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Architecture Student Research Grant Helps Students Scratch Research Itches

Wednesday, February 9, 2022

The inspiration for the 2021–2022 Architecture Student Research Grant (ASRG) projects varies from lifelong passions to ideas first developed in a Taubman College studio. But the common thread is gratitude for the ability to dive deep into interests through research beyond the classroom.

“The ASRG has helped us scratch an itch that we have had since our first semester here,” said Justin Vernon and Prescott Trudeau, whose Taubman BioLab project seeks to reduce waste generated by material and model studies at the college. “Design-build programs are something that attracted both of us to U-M, and the ASRG has helped us scale up, materialize, and speculate a realistic proposal. Over the course of the past eight months we have been able to develop concepts that extended far beyond the scopes of our studio courses with a lot more range of experimentation.” 

The Architecture Student Research Grant, which was seeded with gifts from the Class of 2013 and continues to be funded through the generosity of Lisa Sauve, M.Arch ’11, M.S.’14, and Adam Smith, M.Arch ’11 (Synecdoche Design Studio, Ann Arbor), provides a unique opportunity for students to support outstanding research by their peers. The benefits for the recipients are many. “Receiving an ASRG made an immense financial, academic, and professional impact on both of our lives; this grant provided funding, spaces, and other resources neither of us had,” said Ellis Wills-Begley and Carson James Brown, who teamed up to develop a sustainable model for hollow-body surfboard production. “More importantly, this project revealed greater understanding of the health and environmental impacts of the current watercraft industry, and introduced us to numerous individuals, groups, and many more opportunities to build more sustainably.”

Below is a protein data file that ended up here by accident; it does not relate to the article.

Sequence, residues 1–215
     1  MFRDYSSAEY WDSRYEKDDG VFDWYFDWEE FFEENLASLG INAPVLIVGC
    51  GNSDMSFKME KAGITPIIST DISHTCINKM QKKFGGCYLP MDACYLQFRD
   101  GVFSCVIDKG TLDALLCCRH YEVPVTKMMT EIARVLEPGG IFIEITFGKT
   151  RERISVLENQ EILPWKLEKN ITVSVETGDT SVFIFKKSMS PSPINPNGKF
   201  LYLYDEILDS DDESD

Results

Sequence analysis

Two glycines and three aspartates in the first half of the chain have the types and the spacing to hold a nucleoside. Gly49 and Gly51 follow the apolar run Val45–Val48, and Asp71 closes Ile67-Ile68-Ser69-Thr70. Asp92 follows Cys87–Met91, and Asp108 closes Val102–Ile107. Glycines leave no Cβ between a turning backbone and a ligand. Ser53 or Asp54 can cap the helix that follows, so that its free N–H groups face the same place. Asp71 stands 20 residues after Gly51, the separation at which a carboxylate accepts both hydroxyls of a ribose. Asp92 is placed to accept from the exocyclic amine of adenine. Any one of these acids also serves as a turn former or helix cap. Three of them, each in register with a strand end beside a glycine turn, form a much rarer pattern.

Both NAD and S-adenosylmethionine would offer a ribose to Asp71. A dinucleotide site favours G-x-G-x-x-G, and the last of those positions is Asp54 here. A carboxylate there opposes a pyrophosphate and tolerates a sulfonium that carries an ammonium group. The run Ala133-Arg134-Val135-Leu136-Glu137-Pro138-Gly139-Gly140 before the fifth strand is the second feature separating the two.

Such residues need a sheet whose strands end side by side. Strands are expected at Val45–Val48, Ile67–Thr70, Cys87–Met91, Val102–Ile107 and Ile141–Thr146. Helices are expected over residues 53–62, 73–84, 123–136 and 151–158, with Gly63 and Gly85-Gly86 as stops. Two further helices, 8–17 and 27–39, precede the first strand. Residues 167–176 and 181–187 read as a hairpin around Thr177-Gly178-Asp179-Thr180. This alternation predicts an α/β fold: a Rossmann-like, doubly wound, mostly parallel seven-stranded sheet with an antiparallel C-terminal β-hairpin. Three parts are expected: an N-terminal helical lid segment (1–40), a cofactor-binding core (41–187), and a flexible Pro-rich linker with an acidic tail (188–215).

Sauve said that she and Smith support ASRG because they know the importance of such opportunities: “As we started our own design practice, opportunities for small projects with funding were the kickstart to our portfolio. Learning independently and through the act of making simultaneous to designing had a huge impact on our creative process and how we developed an alternative practice path. Being able to provide similar opportunities gives students the room to experiment and possibly launch their own practice, product prototype, inaugural publication, or something else. We like to think of it as no strings attached seed funding towards creative entrepreneurship.” 

The 2021–2022 ASRG winners are:

Sustainable Hollow-body Marine Forms + Fabrication

Team members: Carson James Brown and Ellis Wills-Begley

“This collaborative research project combines architecture, ecosystem science, and marine fabrication techniques to develop a sustainable model for hollow-body surfboard production. We believe that further integrating these relatively disparate fields will promote fabrication processes that produce less waste, create healthier work environments, ensure more sustainable workforce development and material use. We hope to not only demonstrate further innovations in marine forms and fabrication, but also advocate for its direct applications to architectural design, sustainable material sourcing, and environmental education.” 


Sustainable Hollow-body Marine Forms + Fabrication

How did you come up with your idea?

Growing up near the shores of northwest and southwest Lake Michigan, we share passions for surfing, sailing, and sustainability. These passions have evolved not only into personal interests in making our own watercraft, but doing so in a way that can simultaneously raise awareness of sustainable building practices and help protect the Great Lakes.


Sustainable Hollow-body Marine Forms + Fabrication

Who was helpful to you in developing your idea further?